[1] In his article Tunisia: the Fall of the West’s Little Dictator, Esam Al-Amin says: “What took 54 weeks to accomplish in Iran was achieved in Tunisia in less than four.  The regime of President Zine al-Abidine Ben Ali represented in the eyes of his people not only the features of a suffocating dictatorship, but also the characteristics of a mafia-controlled society riddled with massive corruption and human rights abuses.” (58: 2012) excerpt from Sokari Ekine and Firoze Manji’s African Awakening: The Emerging Revolutions. Fahamu Cape Town, Dakar, Nairobi and Oxford, 2012.
[2] Amel Mokhtar is a Tunisian novelist, short story writer and a journalist in the Tunisian newspaper al-sahafa.  She publishes parts of her works and short articles on her facebook page:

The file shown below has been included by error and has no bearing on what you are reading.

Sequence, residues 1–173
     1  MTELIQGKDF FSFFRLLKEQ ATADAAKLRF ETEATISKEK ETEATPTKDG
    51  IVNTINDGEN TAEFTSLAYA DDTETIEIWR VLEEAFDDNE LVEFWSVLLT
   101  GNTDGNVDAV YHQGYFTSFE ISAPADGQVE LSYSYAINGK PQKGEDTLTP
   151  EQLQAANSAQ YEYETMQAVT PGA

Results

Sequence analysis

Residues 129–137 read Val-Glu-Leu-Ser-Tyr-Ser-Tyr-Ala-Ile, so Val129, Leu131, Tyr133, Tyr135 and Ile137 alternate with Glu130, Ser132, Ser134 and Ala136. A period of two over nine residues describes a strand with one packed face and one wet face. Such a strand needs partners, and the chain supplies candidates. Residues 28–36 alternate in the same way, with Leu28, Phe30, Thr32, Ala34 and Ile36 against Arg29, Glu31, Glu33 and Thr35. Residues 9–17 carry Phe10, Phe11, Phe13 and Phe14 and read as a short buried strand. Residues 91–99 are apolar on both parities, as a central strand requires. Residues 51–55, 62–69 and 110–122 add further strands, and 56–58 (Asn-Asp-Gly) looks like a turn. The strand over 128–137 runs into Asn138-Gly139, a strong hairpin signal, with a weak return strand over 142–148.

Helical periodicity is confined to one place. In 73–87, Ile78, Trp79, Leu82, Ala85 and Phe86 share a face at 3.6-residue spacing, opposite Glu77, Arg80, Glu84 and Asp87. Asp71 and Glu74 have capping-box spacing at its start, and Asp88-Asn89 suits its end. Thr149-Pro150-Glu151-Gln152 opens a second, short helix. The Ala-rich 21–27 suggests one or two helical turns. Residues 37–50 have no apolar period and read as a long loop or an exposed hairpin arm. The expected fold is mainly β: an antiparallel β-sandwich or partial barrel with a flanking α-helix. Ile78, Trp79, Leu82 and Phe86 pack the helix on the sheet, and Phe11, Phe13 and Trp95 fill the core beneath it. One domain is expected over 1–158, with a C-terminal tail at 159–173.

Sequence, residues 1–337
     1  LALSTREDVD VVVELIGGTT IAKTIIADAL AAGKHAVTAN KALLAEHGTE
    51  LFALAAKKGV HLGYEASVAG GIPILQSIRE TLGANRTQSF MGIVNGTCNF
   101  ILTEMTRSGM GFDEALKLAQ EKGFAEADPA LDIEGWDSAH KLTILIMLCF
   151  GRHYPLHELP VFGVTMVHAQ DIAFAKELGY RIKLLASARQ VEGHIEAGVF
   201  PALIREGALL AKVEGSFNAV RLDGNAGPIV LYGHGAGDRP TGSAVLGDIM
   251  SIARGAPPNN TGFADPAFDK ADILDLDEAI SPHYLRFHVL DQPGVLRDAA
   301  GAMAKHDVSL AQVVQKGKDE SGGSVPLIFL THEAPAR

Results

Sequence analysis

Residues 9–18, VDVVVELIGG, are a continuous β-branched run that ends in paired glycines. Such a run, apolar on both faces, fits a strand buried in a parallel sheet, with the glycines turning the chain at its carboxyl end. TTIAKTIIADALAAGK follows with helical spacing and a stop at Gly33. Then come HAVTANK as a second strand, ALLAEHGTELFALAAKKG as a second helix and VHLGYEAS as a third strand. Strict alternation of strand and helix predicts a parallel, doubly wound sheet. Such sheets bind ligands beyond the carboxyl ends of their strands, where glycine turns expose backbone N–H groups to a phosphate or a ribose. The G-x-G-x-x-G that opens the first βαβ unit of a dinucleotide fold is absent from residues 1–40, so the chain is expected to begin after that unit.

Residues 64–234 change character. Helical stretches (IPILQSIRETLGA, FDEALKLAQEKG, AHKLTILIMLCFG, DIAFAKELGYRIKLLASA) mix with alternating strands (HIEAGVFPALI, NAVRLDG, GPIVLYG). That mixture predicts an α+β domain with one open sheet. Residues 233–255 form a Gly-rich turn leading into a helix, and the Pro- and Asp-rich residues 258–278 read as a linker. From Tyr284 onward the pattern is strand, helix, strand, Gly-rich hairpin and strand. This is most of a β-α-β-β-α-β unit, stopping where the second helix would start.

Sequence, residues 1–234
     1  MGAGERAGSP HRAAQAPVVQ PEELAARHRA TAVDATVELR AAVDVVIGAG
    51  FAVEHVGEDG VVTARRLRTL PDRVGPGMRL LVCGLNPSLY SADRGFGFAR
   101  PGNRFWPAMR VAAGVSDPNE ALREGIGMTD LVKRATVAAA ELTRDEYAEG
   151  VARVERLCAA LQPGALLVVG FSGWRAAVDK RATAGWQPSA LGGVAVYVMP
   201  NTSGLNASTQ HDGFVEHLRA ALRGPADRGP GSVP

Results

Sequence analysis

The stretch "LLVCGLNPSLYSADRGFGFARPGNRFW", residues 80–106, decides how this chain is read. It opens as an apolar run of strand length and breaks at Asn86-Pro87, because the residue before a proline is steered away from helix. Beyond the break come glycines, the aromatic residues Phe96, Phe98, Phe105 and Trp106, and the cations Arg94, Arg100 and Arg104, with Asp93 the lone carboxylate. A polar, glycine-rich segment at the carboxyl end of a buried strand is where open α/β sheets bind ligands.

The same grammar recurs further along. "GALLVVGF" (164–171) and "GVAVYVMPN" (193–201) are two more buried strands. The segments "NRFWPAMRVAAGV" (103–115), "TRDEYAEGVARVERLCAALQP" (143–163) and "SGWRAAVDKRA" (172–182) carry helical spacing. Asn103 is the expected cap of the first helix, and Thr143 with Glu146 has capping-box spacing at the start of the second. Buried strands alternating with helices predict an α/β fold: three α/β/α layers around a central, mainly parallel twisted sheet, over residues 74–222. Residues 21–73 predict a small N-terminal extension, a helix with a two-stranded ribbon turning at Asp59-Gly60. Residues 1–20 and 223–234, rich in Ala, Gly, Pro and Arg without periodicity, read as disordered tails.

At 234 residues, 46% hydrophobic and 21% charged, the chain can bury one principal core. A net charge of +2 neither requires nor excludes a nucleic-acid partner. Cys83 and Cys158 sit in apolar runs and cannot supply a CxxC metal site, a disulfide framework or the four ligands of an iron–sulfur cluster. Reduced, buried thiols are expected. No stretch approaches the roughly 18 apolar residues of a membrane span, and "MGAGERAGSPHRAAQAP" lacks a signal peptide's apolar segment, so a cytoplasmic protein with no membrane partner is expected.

[3] Fethia Hechmi is a poet, short story writer and novelist.  She published her first collection of poems entitled al-Uqhuwan al-maslub ala al-shifah in 2002, Hafiat al-ruh (novel) in 2002, Minna mawwal in 2007, Mariam tasqut min yad Allah in 2009 and al-Shaytan ya‘ud min al-manfa in 2012.  She can be found on her facebook page:
[5] Messaouda Boubakr is a Tunisian novelist and short story writer.  She became a political activist in civil society organizations after the Tunisian Revolution.  She has published a collection of short stories Ta‘m al-ananas in 1994, her novels Laylat al-ghiyab in 1997, Trushqana in 1999, Wada‘an Hammurabi in 2002, Juman wa ‘anbar in 2007, al-Alif wa al-nun in 2009 and Adhal ahki in 2013. One may find some of her writings on her facebook page: